It got even more personal for Rich when his Dad was diagnosed with cancer in October and died on Christmas Day. It’s broken him but made him more determined to pull this event off. They’re all being brave telling me their stories, but interviewing Rich (at his insistence) about his Dad when it’s so raw has been harrowing at times. As an interviewer/documentary maker I have to let the silences linger, as a friend I just wanted to press stop on the camera and give him a hug.
I started gathering footage in September 2018. I’ve followed the group around whenever I had spare time. Costume fittings, rehearsals, interviews, not to mention being the fly on the wall when any drama occurs. At this point I have over 200 hours of footage and there’s still 4 weeks to go!
It’s become so popular that a second night was added. There will now be two performances on March 25th and 27th and it’s not just two five minute dances with the finale of people getting their kit off but a full night of music, comedy and more importantly awareness of cancer and immunotherapy treatments.
The project has professionally taken me to a new level. With the video I’ve produced promos, and shorts for social media, I also volunteered my graphic design skills for posters, banners and social media (I even designed the logo!) and recently the souvenir programme. It’s not been an easy task, but hopefully the finished product will be amazing!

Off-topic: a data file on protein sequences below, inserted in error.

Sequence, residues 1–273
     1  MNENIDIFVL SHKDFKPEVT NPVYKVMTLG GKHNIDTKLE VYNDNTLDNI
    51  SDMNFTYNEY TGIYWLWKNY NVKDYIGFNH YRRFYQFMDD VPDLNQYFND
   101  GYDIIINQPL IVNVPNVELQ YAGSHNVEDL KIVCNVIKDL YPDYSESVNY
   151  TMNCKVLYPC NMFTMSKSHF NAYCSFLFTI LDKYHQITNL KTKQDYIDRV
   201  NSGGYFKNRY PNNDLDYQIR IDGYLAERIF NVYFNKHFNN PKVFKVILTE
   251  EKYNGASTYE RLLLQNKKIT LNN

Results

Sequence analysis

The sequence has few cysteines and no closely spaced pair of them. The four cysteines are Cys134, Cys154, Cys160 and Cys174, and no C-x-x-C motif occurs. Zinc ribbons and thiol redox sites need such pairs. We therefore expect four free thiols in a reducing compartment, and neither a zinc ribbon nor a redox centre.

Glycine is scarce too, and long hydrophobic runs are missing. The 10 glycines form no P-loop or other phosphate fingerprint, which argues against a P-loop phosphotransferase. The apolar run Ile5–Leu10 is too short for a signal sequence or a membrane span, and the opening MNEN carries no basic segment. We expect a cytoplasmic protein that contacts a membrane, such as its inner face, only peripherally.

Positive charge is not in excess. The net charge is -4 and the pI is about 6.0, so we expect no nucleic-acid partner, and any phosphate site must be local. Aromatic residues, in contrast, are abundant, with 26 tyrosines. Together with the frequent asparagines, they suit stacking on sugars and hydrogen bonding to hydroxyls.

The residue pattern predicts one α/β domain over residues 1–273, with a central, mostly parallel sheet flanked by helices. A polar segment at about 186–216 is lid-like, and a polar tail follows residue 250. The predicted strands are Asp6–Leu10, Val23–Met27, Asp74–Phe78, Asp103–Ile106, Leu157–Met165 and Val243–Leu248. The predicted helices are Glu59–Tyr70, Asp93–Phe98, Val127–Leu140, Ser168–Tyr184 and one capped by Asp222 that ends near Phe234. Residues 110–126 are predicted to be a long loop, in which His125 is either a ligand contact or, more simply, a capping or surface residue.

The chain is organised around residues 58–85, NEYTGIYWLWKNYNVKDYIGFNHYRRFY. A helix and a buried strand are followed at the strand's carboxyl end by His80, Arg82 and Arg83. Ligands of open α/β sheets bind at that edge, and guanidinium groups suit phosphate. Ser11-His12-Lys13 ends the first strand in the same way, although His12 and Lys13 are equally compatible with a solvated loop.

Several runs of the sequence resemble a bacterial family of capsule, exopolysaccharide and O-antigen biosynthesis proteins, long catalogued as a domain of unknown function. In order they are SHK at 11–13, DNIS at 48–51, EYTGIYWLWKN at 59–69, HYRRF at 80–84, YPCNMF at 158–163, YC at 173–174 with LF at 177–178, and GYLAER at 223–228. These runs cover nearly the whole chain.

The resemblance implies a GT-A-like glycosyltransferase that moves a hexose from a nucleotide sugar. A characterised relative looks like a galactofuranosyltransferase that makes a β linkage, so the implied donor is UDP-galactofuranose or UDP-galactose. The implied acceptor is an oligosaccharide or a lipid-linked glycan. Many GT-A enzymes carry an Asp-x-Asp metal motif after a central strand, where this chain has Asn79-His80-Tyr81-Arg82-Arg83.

It’s made me step out of my own personal comfort zone. Over the last 10 years or so anxiety has made me not want to step out of my front door, there’s till times when I feel like that now. But this has made me do it. Having to deal closely with these amazing people, who have all become friends, has really helped me. The praise I get from the group for my work is humbling, I still can’t deal with it, but is certainly make me feel better about myself. They may be helping themselves with their own issues, they may be raising funds and awareness for charity, but they’ll never realise how much they’ve all helped me too.
So Rich, dude, you know what you’ve done to help me. Alan, who has helped me by filming when I couldn't be there while also taken on promotion and marketing tasks and Sam, who has given up her time to photograph the story have also made my life easier.
And to Anthony, James, Ivan, Melvyn, Dave, Macauley, Tim, Sean, Sarah, Vicki, Libby, Evie, Kerry, Emma, Suzi, Claire, Maria, Lucie, thank you. Thank you for letting me in. Thank you for helping me professionally and (more importantly) personally.
People have asked me how much this would have cost if I was charging for my services. I couldn’t begin to think, I probably wouldn’t need to work again all year. But you know what? I don’t care. I’m proud to support these brave people, not only for what they’ve been through or for what they're doing, but because they have supported me!
You can see videos I’ve produced on my website www.ibmediauk.com and the Facebook page (search KMAC The Real Full Monty).
Better still, buy a ticket! www.staffordgatehousetheatre.co.uk